Organising work is critical for getting the job done. It’s especially important for large and complex jobs. Organising work on construction projects is not an easy task, as evidenced by the all too-common schedule and budget overruns.
Organising Work Has Two Components
- Social – The leadership and managerial skills required to create an environment that motivates and fosters teamwork.
- Structural – The technical framework necessary to define and coordinate all the details, including the ability to react to changes and unexpected events.
This blog will address the second component, the structures associated with organising work. Our focus will be on techniques and tools to support construction project management. We believe that improved techniques and tools will lead to better organised projects and better project outcomes.
Construction has been described as the world’s second oldest profession. It has had centuries to evolve its best practices. The infrastructure we use on a daily basis is a testament to a mature industry with sound practices. Best practices include the structures required to manage projects. They are familiar to all project managers: scope, org-chart, schedule, budget, contracts and the like.
The Computer Revolution and Construction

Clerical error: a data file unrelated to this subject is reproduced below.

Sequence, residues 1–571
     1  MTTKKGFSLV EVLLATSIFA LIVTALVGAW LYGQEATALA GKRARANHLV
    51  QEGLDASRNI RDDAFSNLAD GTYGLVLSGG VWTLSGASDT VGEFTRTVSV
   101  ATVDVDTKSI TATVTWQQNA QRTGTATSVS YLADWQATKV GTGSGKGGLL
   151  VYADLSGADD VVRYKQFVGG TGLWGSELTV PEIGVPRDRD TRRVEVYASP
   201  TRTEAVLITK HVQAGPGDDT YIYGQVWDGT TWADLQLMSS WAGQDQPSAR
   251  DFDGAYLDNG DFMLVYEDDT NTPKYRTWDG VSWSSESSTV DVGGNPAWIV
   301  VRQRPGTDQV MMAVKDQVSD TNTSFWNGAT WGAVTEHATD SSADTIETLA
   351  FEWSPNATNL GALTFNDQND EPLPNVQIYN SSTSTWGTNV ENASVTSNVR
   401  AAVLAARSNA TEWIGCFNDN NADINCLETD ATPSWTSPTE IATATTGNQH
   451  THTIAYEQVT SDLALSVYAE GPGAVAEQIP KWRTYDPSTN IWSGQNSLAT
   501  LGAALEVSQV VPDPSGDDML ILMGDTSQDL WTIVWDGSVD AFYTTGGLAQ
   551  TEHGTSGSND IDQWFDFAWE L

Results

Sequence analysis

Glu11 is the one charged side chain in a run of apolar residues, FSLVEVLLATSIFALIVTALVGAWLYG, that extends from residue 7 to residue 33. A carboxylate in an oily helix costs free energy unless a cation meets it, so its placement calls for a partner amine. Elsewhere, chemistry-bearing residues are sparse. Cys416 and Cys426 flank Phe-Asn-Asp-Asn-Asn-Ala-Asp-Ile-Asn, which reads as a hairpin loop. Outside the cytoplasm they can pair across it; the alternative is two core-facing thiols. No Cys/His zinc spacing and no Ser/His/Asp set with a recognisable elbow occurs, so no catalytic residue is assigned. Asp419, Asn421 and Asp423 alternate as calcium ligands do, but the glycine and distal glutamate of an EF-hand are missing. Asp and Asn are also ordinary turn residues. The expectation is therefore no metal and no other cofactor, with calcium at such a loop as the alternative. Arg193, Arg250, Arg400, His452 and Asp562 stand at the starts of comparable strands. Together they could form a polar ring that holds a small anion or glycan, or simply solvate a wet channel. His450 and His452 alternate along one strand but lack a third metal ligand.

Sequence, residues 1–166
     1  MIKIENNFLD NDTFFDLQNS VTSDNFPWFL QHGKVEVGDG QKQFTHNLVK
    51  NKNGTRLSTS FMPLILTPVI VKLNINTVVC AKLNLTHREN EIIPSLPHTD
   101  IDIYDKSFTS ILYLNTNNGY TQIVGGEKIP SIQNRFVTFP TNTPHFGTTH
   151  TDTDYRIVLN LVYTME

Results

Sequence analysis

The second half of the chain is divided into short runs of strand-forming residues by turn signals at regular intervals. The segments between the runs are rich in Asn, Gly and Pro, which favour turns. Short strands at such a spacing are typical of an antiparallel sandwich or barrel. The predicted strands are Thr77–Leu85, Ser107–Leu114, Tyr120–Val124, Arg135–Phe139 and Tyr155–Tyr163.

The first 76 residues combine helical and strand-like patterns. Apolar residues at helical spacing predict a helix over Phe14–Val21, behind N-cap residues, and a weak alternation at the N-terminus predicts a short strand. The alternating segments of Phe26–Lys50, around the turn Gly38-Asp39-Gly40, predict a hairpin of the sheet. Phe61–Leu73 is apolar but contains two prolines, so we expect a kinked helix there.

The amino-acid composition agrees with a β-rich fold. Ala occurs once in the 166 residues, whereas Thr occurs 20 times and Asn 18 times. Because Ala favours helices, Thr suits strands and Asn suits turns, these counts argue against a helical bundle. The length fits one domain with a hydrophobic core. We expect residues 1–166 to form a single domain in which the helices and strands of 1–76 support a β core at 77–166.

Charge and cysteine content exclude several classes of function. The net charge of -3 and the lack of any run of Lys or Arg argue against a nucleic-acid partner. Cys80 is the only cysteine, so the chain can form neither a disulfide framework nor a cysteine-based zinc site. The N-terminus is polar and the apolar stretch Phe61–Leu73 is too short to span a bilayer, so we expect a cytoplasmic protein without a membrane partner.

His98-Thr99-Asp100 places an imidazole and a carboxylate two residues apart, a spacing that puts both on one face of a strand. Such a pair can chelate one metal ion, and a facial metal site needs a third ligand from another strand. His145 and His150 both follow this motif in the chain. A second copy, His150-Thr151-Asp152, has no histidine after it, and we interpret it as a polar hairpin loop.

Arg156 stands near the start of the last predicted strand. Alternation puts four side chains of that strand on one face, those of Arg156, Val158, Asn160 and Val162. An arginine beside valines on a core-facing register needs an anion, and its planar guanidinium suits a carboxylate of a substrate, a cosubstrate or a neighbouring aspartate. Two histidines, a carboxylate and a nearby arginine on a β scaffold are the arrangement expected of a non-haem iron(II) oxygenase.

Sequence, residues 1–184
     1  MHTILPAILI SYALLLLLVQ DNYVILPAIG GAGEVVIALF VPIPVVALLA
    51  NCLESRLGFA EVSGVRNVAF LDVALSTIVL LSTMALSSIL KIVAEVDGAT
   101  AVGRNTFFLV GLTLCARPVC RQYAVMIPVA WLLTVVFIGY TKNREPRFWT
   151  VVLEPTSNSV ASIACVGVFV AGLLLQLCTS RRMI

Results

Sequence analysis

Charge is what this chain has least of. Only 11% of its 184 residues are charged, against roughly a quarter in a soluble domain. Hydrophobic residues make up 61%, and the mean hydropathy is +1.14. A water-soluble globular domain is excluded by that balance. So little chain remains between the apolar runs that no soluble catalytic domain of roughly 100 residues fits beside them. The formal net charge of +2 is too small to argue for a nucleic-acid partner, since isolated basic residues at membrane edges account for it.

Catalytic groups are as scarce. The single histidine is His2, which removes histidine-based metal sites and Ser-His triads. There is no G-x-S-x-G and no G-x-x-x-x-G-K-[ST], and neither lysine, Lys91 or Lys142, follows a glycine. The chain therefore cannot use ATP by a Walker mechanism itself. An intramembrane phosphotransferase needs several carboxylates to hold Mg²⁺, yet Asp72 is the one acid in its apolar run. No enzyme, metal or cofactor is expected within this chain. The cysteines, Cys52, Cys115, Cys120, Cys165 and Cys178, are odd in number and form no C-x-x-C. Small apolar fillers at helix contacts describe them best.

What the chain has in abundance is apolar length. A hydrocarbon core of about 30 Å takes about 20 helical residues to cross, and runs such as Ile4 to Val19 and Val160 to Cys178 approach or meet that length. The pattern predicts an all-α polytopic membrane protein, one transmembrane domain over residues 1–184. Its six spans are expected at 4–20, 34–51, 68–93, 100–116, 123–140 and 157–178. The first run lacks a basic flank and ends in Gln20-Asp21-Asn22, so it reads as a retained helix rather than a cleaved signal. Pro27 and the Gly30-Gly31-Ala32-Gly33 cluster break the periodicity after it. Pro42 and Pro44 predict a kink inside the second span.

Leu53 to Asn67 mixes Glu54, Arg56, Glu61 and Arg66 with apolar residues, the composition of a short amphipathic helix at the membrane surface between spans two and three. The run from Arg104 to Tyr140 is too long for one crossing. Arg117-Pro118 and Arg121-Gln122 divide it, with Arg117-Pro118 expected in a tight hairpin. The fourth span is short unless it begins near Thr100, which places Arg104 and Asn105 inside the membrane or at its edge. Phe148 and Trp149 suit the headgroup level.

With the advent of computerization there has been a revolution in construction engineering. Drafting, design and communication are now largely electronic. The Internet has made globally distributed project teams possible, with support from team members spread all over the world. The availability of the Internet and desktop computers has led to the development of a wide range of software tools for specific construction needs, such as scheduling, document filing, task management, etc.
You would assume that computerization has made construction project management easier. Unfortunately, it hasn’t. Project management primarily focuses on coordinating work, which requires cross-checking the structural components, e.g. the schedules, budgets, resources, documents, etc. While there are some very good specialized software tools, when viewed as a whole, they are a patchwork of disjointed systems that are unable to work together. This makes the coordination aspect of project management a tedious and error prone job.
We Can Do Better
The multitude of systems makes it difficult to find all the information required to deal with an issue. As a consequence, project teams spend considerable effort filing and searching for documents and correspondence (particularly emails). The situation is further aggravated because software used for construction projects has often been adapted from other industries, ignoring construction’s well-established best practices.
Our assessment is that the lack of appropriate software tools leads to inefficiencies in construction projects, and that construction software tools have not yet evolved to support the industry’s best practices. Essentially, we don’t have the right tools for the job.
We believe we can do better. Future articles will explore issues associated with improving the structural part of project management, so that construction projects have better tools that help us organise our work, so that we can work better.
We encourage your feedback and comments.